Scottish cyclist Graeme Obree targets new world record

Graeme Obree
Obree was nicknamed the Flying Scotsman after breaking the hour time trial record

Scots cyclist Graeme Obree has set his sights on a new world record, aiming to break the human-powered vehicle land speed time by a considerable margin.

Obree, 46, famed for his unusual bike designs and unorthodox cycling positions, is hoping to break the current 83mph record on a new vehicle.

"I don't want to curse it, but I would like to do 100mph," said Obree.

"If everything was perfect, with the power output and aerodynamic drag then 100mph might be possible."

Obree was nicknamed 'The Flying Scotsman' after he broke the hour time-trial record on a bicycle he built himself from washing machine parts, but retired from top-level cycling in 2001.

He was depicted by actor Jonny Lee Miller in a film in 2006 and was inducted into the Scottish Sports Hall of Fame last March, but now he wants to take cycling to its ultimate limit.

"I am setting out to attack the world land speed record, which is on a bicycle, but there's no rules," Obree told BBC Scotland.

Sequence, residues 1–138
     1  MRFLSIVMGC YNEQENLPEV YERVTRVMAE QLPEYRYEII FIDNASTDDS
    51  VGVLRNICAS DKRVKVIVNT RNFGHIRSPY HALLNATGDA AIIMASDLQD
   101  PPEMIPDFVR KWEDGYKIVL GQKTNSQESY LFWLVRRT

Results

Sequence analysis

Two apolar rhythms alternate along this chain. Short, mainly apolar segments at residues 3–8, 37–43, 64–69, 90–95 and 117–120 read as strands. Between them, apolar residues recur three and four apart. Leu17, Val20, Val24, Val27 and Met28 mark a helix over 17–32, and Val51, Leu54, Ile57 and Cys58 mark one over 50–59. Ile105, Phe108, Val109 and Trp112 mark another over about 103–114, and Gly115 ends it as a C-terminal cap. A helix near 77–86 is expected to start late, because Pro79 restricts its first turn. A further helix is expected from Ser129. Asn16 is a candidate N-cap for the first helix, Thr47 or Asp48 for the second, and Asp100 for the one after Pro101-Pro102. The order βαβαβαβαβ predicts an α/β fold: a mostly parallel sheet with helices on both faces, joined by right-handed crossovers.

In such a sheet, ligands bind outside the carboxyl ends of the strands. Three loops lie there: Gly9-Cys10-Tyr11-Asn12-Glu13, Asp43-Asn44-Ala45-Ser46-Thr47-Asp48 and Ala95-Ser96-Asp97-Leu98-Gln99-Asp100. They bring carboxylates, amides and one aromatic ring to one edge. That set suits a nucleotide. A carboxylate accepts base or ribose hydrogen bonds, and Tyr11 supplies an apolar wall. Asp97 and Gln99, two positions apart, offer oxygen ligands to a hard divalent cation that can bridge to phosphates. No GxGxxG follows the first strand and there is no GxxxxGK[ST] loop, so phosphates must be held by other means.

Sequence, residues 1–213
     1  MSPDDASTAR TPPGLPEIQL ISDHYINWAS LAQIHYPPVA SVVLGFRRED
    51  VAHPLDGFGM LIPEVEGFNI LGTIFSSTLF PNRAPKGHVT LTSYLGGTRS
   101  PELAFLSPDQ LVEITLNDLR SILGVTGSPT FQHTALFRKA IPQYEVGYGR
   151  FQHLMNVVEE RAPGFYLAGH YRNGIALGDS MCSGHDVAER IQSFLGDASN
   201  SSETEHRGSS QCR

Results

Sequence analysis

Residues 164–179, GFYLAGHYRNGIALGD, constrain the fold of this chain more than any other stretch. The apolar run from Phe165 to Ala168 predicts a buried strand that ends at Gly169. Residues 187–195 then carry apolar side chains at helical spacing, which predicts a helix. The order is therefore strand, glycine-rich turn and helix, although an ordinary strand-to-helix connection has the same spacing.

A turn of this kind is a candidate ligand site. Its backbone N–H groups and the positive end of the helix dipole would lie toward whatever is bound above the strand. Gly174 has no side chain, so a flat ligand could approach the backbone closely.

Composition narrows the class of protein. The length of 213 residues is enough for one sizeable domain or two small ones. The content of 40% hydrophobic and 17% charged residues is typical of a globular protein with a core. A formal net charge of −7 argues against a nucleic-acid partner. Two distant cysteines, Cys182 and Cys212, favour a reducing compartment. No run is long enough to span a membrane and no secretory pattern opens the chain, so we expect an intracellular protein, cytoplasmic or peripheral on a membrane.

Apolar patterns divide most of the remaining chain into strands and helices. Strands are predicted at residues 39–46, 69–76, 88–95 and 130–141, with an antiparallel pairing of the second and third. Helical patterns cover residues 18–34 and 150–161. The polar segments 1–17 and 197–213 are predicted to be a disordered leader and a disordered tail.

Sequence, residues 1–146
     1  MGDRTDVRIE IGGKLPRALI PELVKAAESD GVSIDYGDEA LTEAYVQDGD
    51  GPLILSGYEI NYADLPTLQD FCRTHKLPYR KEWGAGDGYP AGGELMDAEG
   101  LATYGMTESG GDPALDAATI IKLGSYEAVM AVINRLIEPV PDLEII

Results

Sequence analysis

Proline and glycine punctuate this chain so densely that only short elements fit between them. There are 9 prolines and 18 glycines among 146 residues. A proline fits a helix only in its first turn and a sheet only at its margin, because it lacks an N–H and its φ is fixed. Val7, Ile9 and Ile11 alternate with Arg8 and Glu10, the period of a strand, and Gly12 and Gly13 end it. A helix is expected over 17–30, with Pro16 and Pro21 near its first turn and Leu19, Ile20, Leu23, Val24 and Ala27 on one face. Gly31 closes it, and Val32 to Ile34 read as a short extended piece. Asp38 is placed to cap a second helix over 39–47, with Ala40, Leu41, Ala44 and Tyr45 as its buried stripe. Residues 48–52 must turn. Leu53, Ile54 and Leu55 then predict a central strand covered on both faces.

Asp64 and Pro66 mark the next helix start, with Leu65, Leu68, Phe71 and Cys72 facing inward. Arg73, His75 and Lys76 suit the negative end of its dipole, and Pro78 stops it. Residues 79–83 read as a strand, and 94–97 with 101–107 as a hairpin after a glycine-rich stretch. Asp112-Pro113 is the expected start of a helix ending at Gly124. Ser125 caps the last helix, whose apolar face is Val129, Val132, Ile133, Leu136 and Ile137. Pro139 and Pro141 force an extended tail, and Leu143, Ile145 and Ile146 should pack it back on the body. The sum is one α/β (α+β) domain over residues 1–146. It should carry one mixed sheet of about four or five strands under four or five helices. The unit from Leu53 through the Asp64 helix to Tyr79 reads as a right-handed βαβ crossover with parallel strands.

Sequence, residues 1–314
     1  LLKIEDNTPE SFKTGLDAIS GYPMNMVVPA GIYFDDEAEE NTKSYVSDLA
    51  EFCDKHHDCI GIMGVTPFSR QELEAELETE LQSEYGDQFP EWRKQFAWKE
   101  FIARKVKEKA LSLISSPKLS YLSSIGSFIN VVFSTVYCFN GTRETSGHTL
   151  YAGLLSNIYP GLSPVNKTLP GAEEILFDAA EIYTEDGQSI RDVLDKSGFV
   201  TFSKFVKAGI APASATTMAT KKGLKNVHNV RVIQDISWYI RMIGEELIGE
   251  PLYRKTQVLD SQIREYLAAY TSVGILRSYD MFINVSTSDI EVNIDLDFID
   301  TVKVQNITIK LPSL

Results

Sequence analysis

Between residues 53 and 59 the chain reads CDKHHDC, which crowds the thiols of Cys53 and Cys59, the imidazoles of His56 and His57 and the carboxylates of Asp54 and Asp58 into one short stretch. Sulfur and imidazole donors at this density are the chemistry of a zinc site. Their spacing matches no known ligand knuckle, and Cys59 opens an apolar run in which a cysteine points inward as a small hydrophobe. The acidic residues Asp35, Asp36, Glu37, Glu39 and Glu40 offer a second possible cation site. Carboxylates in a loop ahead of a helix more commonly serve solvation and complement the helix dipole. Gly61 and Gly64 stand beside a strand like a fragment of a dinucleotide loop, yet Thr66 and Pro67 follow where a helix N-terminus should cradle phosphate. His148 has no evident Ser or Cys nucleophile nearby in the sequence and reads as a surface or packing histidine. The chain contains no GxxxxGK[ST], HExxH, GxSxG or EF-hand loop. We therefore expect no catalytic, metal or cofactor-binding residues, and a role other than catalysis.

"It's a branch of the sport called human powered vehicles. The record is set as under the same conditions as cars - it's on a flat road, not wind assisted, and with no other vehicle assistance.

"It'll be on a straight, flat road, probably in Colorado at Battle Mountain."

The trial will see Obree gather speed in a rocket-like transporter that contains a flat bike and a protective membrane which he has been working on for 15 years.

The Scot believes his own determination and refusal to accept limitations has inspired him to seek goals that seem impossible or unattainable.

"I'm building the bike myself with some help," added Obree. "The whole thing is no more than three feet off the ground - it's basically a human torpedo - you pedal it like fury.

"I've kept my fitness over the past few years and I've kept it going which means I have good shout of getting the power up.

"I've been thinking about this for 15 years - but when it comes to the skin, it's not my area of expertise.

"The skin is a vitally important combination of carbon and Kevlar in case you fall off at 100mph. If that happens, then you're going to lose some of your own skin, which is not worth thinking about.

"I'm always thinking what the limits are - I take everything to a limit where it can be - and that's what sport is all about: taking everything to its possible limit."

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